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The structure of the sulfite anion

Sulfites (also sulphites) are compounds that contain the sulfite ion SO32−. They are often used as preservatives in wines (to prevent spoilage and oxidation), dried fruits, and dried potato products. Sulfites also occur naturally in almost all wines.

Regulation of commercial use

Sulfites occur naturally in wine. They are also added to wine. In the US, wine bottled after mid-1987 must have a label stating that they contain sulfites if they contain more than 10 parts per million. In the EU an equivalent regulation came into force in November 2005.[1] Organic wines are not necessarily sulfite-free but they have no added sulfites. Wines made with organic grapes, however, may contain up to 100 ppm, compared to conventional wines which may contain up to 350 ppm. Most beers no longer contain sulfites. Although shrimp is sometimes treated with sulfites on fishing vessels, the chemical may not appear on the label. In 1986, the Food and Drug Administration in the United States banned the addition of sulfites to all fresh fruit and vegetables which are usually eaten raw.[2]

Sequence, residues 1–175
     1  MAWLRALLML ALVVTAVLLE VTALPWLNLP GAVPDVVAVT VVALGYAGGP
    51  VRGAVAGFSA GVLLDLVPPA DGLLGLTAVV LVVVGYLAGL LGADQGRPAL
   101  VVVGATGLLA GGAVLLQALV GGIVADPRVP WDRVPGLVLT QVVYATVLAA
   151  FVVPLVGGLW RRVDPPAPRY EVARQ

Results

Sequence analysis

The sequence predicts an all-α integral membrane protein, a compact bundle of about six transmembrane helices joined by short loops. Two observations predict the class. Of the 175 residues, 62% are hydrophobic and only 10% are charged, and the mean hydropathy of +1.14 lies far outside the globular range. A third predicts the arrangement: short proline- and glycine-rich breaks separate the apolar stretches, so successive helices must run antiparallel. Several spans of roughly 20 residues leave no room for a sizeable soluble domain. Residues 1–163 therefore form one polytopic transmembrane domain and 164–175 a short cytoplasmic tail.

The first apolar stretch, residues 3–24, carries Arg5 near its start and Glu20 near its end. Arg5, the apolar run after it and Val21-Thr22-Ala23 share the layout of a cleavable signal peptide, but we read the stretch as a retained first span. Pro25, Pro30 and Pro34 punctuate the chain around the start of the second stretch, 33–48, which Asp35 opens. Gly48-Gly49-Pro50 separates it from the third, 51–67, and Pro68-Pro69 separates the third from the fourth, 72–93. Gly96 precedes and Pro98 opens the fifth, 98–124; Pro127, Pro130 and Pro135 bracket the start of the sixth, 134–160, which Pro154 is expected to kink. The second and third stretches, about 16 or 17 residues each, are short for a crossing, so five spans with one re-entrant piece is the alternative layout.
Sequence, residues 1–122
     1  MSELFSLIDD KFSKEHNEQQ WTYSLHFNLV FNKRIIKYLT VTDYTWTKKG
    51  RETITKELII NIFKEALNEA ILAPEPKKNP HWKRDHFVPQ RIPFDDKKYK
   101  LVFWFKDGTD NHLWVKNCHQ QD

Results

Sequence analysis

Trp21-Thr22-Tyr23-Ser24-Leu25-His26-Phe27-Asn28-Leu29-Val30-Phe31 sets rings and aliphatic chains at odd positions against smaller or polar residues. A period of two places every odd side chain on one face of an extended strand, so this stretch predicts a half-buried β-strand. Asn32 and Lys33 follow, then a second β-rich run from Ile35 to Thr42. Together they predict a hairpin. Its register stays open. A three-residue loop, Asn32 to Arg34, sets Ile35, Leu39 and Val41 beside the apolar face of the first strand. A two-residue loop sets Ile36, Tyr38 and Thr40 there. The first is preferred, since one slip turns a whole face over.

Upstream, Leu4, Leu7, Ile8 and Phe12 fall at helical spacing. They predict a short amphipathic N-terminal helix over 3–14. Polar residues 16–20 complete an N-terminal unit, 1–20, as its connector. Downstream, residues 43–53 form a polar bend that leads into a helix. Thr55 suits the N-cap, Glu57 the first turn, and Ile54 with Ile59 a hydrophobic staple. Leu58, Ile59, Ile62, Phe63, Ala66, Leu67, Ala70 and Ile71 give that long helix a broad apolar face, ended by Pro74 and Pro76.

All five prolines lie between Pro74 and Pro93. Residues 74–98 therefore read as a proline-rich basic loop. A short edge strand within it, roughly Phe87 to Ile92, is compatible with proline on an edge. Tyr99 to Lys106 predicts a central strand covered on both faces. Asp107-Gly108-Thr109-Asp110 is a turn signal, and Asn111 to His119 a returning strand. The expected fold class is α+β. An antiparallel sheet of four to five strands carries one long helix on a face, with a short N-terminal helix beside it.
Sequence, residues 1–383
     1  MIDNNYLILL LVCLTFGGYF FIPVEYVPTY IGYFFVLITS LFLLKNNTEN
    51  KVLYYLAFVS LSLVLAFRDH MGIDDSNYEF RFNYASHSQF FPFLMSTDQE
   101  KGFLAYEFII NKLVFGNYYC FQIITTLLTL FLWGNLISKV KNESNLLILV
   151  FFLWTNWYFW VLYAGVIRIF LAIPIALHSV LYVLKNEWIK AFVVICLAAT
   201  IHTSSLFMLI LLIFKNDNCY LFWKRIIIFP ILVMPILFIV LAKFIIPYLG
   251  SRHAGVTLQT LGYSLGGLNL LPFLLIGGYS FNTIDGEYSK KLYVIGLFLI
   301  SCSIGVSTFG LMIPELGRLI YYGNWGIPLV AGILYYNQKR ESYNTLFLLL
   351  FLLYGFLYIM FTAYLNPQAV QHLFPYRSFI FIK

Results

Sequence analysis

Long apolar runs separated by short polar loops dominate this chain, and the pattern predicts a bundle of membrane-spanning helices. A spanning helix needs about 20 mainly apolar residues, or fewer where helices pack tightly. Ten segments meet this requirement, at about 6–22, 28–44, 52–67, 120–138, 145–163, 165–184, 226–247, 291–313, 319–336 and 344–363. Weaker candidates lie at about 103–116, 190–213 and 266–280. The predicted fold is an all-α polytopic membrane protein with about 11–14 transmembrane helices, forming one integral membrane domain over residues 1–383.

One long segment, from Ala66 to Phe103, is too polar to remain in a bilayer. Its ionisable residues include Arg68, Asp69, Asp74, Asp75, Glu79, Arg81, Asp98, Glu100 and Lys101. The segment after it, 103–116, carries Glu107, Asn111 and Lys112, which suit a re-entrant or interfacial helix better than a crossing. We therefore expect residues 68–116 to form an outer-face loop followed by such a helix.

Health risks

Sulfites are sometimes added to foods to act as enhancers or preservatives. They may come in various forms, such as:[2]

Some humans are allergic to sulfites, it is an undeclared allergen and may have difficulty breathing within minutes of eating a food containing sulfites.[citation needed] Asthmatics and people with allergies to aspirin (also known as salicylate sensitivity) are at an elevated risk for reaction to sulfites.[citation needed] Preserved radish, for example, may contain sulfites, and it is known to smell like hospital sheets in some counties.[citation needed] The reaction can be fatal and requires immediate treatment at an emergency room, and can include sneezing, swelling of the throat, and hives. Those who are allergic to sulfites are urged to avoid products that could contain them.

See also


  1. "Food Labelling - Community Legislation". European Commission. Retrieved 2007-09-10.
  2. 2.0 2.1 "Allergies: Sulfite Sensitivity". WebMD. 1 Feb 07. Retrieved 2007-09-10. Check date values in: |date= (help)

External links

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